I am debuting my new electro-acoustic project, that I still haven’t found a name for (yikes, suggestions please, our publicity people need the name yesterday). I’ll be on keys, and I’m putting together a wikid little band whose featured artist is a both a top Canadian DJ and one of the great turntablists of the world: Skratch Bastid. I’m so looking forward to working with him.

I’ve decided to write three large, contrasting pieces for the set. Totally new territory for me since I’m putting together samples that DJ Skratch Bastid will hopefully enjoy scratching the crap out of. The acoustic instruments on stage will play over and around this. For the first piece, entitled TSIMO (right now can’t be bothered to explain the convoluted ‘why’), I’ve chosen to set a quatrain from the Rubáiyát of Omar Khayyám, as translated by Edward Fitzgerald. Killer lyrics, if you ask me:

I sent my soul through the invisible, 
some letter of that after-life to spell,
and by and by my soul return’d to me, 
and answer’d: “I myself am heav’n and hell”

For the coda (conclusion) of TSIMO, I don’t particularly want to inflict people with my singing, so instead I went through several steps to create an alternative sound that would still communicate the text:

  • Firstly, I recorded myself speaking the text in my best Sir-Laurence-Olivier-Shakespearean-soliloquy voice (or Sir Ben Kingsley, if you prefer someone who can orate as well and is still alive. By the way, his On Point interview is fantastic).
  • Secondly, I took my software scissors to it and chopped up the whole poem into very short phrases.
  • Thirdly, I had to synchronize the phrases, even individual words and syllables, to a click-track running at the tempo of the song (120BPM). This is a painstaking and time-consuming process that also includes time-stretching certain vowel sounds to fit the click-track. This is all done to make the vocals, well, ‘cook’. Nothing whatsoever to do with cuisine, but frankly I can’t think of a better verb for sounds that lock right into a groove . A great film that has crisp cuts akin to the rhythms of a great piece of music, has editing that ‘cooks’.
  • Finally – the fun part – I fed the vocal samples through a software vocoder, making me sound as though I’ve been turned into an android that speaks in harmonic tones. I had to pick the harmonic tones. They’re actually chords from a Schubert string quartet. This is what I ended up with:

[soundcloud url=”http://api.soundcloud.com/tracks/45430316″ iframe=”true” /]

ANY CHARACTER HERE

The main thing to bear in mind, when listening to a ‘mock-up’ for a show like this, is that it is only a condensed exposition of material that will ultimately be embellished live in various ways. Notably, all ‘loops’ which repeat, such as ‘heaven and hell’, will most likely be scratched many times over by our esteemed DJ. Which means that a recorded 2-minute coda will probably double or triple in length in live performance.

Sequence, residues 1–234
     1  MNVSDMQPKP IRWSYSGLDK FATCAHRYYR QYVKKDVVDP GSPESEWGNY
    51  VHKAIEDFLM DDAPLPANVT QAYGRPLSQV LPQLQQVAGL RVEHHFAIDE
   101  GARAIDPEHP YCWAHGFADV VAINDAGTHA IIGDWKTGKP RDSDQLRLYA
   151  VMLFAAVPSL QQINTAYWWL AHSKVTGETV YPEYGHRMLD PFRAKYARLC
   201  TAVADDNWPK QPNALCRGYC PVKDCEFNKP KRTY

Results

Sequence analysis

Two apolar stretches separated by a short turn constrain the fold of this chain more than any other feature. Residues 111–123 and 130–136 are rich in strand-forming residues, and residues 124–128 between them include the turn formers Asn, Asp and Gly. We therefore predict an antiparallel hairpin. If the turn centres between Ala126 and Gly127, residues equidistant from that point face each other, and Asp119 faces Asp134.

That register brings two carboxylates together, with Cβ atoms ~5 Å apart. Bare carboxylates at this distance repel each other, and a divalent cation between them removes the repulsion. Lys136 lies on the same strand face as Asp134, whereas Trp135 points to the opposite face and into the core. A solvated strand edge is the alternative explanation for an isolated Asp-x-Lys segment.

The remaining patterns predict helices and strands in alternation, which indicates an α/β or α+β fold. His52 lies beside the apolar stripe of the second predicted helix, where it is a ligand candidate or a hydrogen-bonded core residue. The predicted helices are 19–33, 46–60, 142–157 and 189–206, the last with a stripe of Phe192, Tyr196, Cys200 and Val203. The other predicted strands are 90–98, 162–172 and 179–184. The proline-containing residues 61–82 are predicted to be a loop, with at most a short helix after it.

On musical temperament

To all those orchestral musicians now hoping to count their bar rests down at the local pub: I suspect you’d probably only pull this off with reasonable accuracy if you’ve had some serious dance training with Merce Cunningham.

Disc of the month, May 2012 – Live Ellington gets me hot ‘n’ bothered

This past academic season, I taught composition at Acadia University while my esteemed colleague Derek Charke (of recent JUNO fame) was away on Sabbatical. It was a sincere pleasure for me to work with the students of the department. The personal perks of travelling to the gorgeous town of Wolfville, Nova Scotia, each week included the two hours of solitude I got to spend in the car. Prime opportunity for listening to lots of music, my favourite NPR show (On Point), and all the awesome BBC  radio shows I download onto my iPod (more on how I actually rip these later, evil laugh). Naturally this post can take me on any number of tangents from here on, but I’ll stick to the point and mention that one of the BBC programs on vintage Big Bands got me a serious Duke Ellington habit. I’ve had this addiction before, in college. It’s rather pleasant, I warn you. Needing my Ellington fix, I come across a totally random CD in the Acadia Library entitled ‘Hot Summer Dance’. It’s a winner for me in every sense. I listened to it non-stop for several days.

I should say that Ellington ‘Live’ is very special indeed. It’s not as clean as some of the studio stuff, but boy does it have fire. Has there ever been another Big Band of Big personalities, crammed into one unified unit, led by such vision to create such electric performances? The problem is that capturing them ‘live’ is not easy by any means. Enter producer Bob Thiele, who has somehow mic-ed up these guys with startling intimacy. We get the sense of the largesse of the venue’s acoustic – a ‘hot’ summer dancehall – and yet the intimacy of the band is right there: their comments to each other; Duke’s count-ins (gotta love ’em); the breathiness of the wind playing in all its glorious nuance. At last we have stereo depth from a live Ellington album.

I could go on an on, but you should listen to a track for yourself.

There are no decent clips out there, so I uploaded a favourite track to Youtube. It’s not on iTunes, but you can buy a hard copy from amazon.com. Interestingly, I decided not to choose an Ellington original, but his arrangement of a popular standard. The magic of this ensemble is all there: the sheer creativity of the groove, almost lop-sided sounding; Duke’s articulation on the piano, endearingly shaky; Jimmy Hamilton’s first phrase (swoon); the way the orchestration builds organically and effortlessly toward that first big tutti.